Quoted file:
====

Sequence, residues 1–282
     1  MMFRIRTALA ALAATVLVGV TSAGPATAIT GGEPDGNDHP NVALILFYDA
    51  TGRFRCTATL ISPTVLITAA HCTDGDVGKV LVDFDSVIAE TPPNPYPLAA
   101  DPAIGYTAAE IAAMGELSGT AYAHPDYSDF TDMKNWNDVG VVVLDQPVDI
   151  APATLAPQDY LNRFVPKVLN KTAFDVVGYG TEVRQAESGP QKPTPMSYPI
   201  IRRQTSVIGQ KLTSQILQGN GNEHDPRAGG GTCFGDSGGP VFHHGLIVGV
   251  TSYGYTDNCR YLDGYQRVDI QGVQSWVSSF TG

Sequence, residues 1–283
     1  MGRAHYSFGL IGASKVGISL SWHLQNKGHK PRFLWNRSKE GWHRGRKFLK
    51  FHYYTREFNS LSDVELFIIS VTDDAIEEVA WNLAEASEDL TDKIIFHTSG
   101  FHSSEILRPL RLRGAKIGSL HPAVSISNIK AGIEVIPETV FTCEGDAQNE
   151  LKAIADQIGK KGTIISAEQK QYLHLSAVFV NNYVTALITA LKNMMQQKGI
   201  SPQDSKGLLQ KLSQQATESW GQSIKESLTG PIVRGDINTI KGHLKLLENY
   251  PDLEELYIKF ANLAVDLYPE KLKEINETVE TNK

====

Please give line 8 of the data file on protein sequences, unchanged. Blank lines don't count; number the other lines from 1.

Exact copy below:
Sequence, residues 1–283